Have you ever met an author online and had an instant connection because he is hilarious, brilliant, and extremely generous with his praise for other authors? I have and his name is Jarrett Lerner. This amazing guy recently released his book, ENGINERDS. Mysterious boxes, creative kids, and farting robots will make you laugh hard enough to snort, as you turn page after quick-paced page. We were thrilled when Jarrett agreed to answer some questions for our blog. Read on to find out more about his process. You may even snatch up some free writing advice!
JL: It’s true that some people say, “Write what you know,” but there are other people who say, “Rules are meant to be broken.” For certain writers, writing what you don’t know is often more fruitful – not to mention more fun! I had no idea what might happen if one day a mysterious box with a robot inside of it showed up on a kid’s doorstep. By writing that story, I found out.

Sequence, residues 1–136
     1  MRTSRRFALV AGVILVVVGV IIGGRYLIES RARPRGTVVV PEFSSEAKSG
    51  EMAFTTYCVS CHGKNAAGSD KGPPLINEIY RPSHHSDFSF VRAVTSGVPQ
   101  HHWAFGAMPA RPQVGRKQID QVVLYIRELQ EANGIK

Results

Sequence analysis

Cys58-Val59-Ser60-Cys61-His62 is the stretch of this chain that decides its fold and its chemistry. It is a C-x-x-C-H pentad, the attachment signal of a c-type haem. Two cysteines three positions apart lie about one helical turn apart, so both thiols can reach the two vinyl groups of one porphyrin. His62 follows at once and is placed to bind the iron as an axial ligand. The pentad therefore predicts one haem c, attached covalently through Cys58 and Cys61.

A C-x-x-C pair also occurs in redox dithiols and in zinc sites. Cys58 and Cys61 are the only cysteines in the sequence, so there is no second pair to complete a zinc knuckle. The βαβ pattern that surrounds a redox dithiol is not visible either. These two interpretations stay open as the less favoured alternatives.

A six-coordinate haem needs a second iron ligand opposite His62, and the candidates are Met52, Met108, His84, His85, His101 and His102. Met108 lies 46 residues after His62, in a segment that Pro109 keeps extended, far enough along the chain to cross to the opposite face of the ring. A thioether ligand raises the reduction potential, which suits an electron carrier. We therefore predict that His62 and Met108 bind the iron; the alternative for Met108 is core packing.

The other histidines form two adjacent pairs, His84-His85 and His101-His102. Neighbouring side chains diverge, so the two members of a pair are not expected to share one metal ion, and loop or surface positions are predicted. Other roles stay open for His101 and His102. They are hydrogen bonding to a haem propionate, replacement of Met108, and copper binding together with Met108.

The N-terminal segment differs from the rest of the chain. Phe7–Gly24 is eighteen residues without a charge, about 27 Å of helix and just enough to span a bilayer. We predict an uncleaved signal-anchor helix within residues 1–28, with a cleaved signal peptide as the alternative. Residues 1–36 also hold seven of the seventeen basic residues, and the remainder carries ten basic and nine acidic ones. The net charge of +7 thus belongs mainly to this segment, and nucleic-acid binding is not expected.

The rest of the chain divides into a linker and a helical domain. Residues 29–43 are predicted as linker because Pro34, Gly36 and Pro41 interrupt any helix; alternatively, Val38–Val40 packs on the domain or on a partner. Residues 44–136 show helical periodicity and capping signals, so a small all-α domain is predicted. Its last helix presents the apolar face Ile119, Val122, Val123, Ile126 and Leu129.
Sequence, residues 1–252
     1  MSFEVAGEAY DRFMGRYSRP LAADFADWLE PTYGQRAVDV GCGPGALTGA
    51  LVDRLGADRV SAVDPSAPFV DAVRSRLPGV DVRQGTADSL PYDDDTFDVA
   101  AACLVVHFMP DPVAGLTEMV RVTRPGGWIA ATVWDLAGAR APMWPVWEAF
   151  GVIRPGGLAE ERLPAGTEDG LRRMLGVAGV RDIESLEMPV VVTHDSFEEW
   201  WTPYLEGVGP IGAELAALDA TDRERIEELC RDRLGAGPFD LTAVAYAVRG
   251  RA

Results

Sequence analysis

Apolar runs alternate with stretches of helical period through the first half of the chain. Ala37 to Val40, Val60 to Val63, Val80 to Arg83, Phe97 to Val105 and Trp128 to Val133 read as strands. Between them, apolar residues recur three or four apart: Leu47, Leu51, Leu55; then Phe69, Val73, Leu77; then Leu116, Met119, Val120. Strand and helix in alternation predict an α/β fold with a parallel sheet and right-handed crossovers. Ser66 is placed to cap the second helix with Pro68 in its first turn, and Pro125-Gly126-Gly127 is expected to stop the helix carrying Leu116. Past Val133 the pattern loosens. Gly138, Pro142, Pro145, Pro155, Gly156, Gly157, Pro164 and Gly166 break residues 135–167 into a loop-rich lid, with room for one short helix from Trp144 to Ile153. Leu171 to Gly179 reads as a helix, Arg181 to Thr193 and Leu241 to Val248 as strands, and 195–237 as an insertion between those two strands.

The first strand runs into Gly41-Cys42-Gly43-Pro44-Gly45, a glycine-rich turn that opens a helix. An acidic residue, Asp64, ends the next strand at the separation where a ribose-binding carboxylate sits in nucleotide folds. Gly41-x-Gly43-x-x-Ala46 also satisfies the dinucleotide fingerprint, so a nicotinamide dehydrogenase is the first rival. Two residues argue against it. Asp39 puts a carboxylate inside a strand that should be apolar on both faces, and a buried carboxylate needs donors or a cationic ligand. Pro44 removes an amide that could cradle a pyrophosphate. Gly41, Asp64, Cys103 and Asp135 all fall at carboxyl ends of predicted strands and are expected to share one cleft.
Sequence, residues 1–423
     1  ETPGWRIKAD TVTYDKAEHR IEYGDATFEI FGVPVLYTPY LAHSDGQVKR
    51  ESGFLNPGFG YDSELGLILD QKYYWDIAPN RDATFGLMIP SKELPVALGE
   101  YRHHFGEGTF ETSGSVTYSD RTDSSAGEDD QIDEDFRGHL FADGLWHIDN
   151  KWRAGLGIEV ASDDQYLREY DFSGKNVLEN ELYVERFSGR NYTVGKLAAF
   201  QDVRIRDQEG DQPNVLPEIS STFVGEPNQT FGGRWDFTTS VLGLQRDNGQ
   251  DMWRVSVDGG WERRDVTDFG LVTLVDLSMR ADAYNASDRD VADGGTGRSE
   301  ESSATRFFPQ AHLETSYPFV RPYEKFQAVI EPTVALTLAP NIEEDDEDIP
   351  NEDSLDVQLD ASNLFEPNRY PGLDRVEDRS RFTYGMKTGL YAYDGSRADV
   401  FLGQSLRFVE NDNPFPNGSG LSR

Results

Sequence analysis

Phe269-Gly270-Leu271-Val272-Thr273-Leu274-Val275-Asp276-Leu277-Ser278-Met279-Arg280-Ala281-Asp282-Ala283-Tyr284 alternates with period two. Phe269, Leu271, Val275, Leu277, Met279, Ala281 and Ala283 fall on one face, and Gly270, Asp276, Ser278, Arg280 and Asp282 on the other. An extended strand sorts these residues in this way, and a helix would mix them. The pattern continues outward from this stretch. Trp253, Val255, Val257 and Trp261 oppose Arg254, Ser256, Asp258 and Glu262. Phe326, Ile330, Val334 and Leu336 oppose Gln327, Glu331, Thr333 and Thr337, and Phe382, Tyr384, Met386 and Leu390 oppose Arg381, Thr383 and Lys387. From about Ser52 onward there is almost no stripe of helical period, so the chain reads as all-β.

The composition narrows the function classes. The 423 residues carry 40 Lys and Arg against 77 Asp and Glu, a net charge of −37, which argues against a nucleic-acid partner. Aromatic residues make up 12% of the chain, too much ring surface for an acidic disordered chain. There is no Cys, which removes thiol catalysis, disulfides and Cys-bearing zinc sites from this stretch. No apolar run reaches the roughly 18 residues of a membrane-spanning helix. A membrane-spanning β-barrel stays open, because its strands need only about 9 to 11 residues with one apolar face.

AMS/ER: How do you think of great ideas?
JL: I don’t know where ideas come from – if I did, I’d be there right now, scooping up as many of them as I could! What I do know, however, is that my best ideas always come to me when I’m doing three things:
The first is reading. The best way to get your brain looking for ideas of its own is to expose it to the ideas of others.
The second thing is exploring. I don’t mean you have to go on a trip to a faraway land or have some dangerous adventure. You can explore every second of every day, even if you’re just going to school and eating dinner with your family, simply by being present and observant, keeping aware, and using all of your senses.
The third thing is dreaming, and that’s when you let your ideas and your experiences dance to the unique tune of your own imagination. It’s when you sit around and just let your mind wander and wonder.